Hardtack naturally has a freshly baked bread aroma to it, but over time, the flavor can be affected by its surroundings. Plastic bags and containers may not be a good choice for extended long-term storage because they have a peculiar quality that hardtack will eventually pick up over time. Odor-free glass jars are your best bet for ensuring decades of freshness, but make absolutely certain that the contents are completely dry. Sometimes the hard bread’s exterior will look and feel perfectly dry while some moisture remains inside. If there is any question of moisture, I like to run it in the oven at the lowest temperature for a final time of about an hour or so, then allow it to gradually cool in the oven before storing in glass jars.
If you must eat an abundance of hardtack or any other dehydrated food, be sure to drink enough liquids to stay well hydrated to avoid constipation.
The average hardtack ration for Civil War soldiers was about 10 pieces that were about 3 inches square and nearly a half-inch thick.
This 235-year-old ship’s biscuit was part of a seaman’s ration in the Royal Navy and is on display in the National Maritime Museum in Greenwich, London: Ship’s biscuit
Here’s how to make hardtack.
There are many recipes for hardtack that contain the same basic ingredients in varying amounts. They all work well as long as it is baked at low heat, long enough until every trace of moisture is completely gone. You do not want to hurry this process by cooking it at high temperatures; low and slow is the key to success. Do not allow this kind of bread to turn dark brown.
Whole grain flour is the type that was traditionally used and has stood the test of time. You can also use plain white flour, but do not use self-rising flour.
If you are tempted to add other ingredients for flavoring or to increase nutritional value, keep in mind that additional ingredients will shorten the shelf life. Especially ingredients that contain oil, even in minute amounts, which will go rancid. (Yes, even garlic powder.) Anything that attracts moisture, such as sugar or honey, may also shorten the shelf life of hardtack. But if long-term storage is not your goal, you may like to experiment by customizing the recipe to suit your tastes.
Old Fashioned Hardtack Recipe
- 2 cups flour
- 2 teaspoons salt
- ½ cup water + a little more if needed
Preheat oven to 250 degrees Fahrenheit (121 degrees Celsius).
Dissolve 2 teaspoons salt into ½ cup of water. In a bowl, mix together the salty water and flour with a fork, then finally with your hands. Add more plain water if needed, a tiny bit at a time, so that the dough has barely enough moisture to hold itself together. Add more flour if the dough sticks too much to your hands.
Fold and knead the dough for a few minutes until it is about the consistency of modeling clay (such as Play-Doh) that is a little on the dry side. Make adjustments with flour or water if needed. Roll the dough out on a floured surface with a rolling pin, or a drinking glass, or with your hands until it is just a little less than ½ inch thick.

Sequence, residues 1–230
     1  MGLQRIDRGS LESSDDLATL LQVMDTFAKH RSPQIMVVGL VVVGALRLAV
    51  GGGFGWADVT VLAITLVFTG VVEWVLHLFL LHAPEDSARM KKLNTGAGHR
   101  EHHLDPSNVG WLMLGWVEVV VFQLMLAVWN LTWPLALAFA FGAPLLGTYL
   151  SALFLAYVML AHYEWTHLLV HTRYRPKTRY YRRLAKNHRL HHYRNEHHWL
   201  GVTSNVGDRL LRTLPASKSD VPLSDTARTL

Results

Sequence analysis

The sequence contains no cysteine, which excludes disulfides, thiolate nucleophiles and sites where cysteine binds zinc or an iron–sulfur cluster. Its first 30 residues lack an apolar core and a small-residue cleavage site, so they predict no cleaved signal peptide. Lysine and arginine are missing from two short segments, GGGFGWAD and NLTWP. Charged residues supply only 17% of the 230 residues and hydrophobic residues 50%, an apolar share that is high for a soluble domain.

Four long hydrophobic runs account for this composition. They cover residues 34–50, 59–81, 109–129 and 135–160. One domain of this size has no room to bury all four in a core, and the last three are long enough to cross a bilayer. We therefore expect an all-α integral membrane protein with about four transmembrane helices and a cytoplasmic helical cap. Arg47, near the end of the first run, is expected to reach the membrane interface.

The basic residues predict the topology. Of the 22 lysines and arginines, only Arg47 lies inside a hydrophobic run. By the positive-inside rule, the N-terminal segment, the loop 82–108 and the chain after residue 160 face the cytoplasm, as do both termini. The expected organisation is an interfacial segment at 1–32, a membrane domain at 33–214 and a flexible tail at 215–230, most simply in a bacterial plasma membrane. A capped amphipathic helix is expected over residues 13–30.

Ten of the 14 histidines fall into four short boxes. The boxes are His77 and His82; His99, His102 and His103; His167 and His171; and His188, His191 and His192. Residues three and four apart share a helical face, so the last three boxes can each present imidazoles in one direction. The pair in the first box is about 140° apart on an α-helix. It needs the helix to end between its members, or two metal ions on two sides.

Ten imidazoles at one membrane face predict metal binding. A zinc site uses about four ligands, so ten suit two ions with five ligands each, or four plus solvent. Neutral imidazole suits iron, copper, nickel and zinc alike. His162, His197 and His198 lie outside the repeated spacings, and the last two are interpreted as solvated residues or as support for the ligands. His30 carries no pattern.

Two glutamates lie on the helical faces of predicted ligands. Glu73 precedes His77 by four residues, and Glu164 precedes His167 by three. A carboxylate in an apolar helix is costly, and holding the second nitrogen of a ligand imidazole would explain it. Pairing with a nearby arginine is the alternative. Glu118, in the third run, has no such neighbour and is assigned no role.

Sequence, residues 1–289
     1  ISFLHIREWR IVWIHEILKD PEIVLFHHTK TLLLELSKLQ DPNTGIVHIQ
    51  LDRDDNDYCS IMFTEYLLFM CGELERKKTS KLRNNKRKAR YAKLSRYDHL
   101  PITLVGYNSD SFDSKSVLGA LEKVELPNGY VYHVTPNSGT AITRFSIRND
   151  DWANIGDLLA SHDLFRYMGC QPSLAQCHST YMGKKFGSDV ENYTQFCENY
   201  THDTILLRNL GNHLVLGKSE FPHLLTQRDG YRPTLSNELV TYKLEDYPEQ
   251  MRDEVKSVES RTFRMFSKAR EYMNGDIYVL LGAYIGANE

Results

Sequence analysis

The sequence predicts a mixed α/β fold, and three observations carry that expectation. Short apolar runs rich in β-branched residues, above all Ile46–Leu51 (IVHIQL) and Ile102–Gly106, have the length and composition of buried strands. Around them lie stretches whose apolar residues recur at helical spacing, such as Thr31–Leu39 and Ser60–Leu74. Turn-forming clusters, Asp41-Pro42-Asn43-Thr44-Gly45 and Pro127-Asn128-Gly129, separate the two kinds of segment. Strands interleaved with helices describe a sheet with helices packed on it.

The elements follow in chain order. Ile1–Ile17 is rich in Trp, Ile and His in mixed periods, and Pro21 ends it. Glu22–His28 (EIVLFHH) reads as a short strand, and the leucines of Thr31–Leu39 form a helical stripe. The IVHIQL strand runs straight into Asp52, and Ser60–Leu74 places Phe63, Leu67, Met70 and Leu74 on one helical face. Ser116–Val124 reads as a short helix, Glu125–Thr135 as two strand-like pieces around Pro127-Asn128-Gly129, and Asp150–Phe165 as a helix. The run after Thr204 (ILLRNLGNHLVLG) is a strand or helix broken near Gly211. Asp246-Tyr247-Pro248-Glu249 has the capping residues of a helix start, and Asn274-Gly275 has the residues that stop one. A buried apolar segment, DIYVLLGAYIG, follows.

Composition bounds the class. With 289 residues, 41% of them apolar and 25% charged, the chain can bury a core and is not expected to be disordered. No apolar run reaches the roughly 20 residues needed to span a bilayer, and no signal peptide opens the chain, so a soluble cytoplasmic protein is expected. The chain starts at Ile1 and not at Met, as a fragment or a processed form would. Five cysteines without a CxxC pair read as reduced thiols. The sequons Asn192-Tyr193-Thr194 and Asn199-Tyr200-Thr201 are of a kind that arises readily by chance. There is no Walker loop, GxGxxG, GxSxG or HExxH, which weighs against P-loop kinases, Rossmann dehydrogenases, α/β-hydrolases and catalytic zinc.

Cut squares roughly three inches wide by three inches long and arrange them on an ungreased baking pan. With a bamboo skewer, kitchen match or something similarly sized, poke 16 evenly spaced holes into each cracker. Make sure that you have roughly 1/8-inch holes that clear all the way through to the other side of the dough squares. For best results, each square should have four rows of holes across and four rows down. This will help the dough to cook and dry evenly without rising.
Bake for 2 hours at 250 degrees Fahrenheit (121 degrees Celsius), then turn over all of the pieces and cook for another 2 hours for a total of four hours. Allow the hardtack to cool in the oven, then turn on the oven again for an additional hour at 250 degrees, this time with the oven door slightly open.
If you decide to cook a lot of hardtack at once, rotate your trays on the upper and lower racks a few times during cooking so that they cook evenly. You may need to add another 30 – 40 or so minutes or so to the cooking time to compensate for the temperature changes caused by opening the oven door.
Are you feeling creative?
If you are interested in making some hardtack for camping or short-term emergencies, you may want to experiment with adding your own custom flavors and nutritional ingredients to the basic recipe. Let me hear about your ideas; I may want to try them!
My brother called me Grizzly Adams like it was a bad thing. I took it as a compliment and fashioned my cyber name after Mr. Adams who dropped out of society in 1852 and made the wilderness his home. I pretty much did the same thing over twenty years ago and discovered what Mark Twain said is true, “A man who carries a cat by the tail learns something he can learn in no other way.”
I watched a few popular prepper’s myths bite the dust and also learned not to depend entirely upon stored supplies; instead, I celebrate them with a view to how temporary they are. Skills and knowledge are far more enduring and are among the best back up plans we can ever have.
Most of all, I also discovered that the so-called Hard Times can be the best of times.
I love to share with my readers the things I have learned in the way of being a prepared and experienced survivalist, bush crafter, herbalist, hunter/gatherer, primitive organic gardener (no store-bought stuff!), plus a bunch of other things related and unrelated. I am also an unapologetic thriftyista; I know that being frugal can buy us the freedom to enjoy the things we love most.
There are several books inside of me that are threatening to spring out soon (watch for announcements on my Twitter page: https://twitter.com/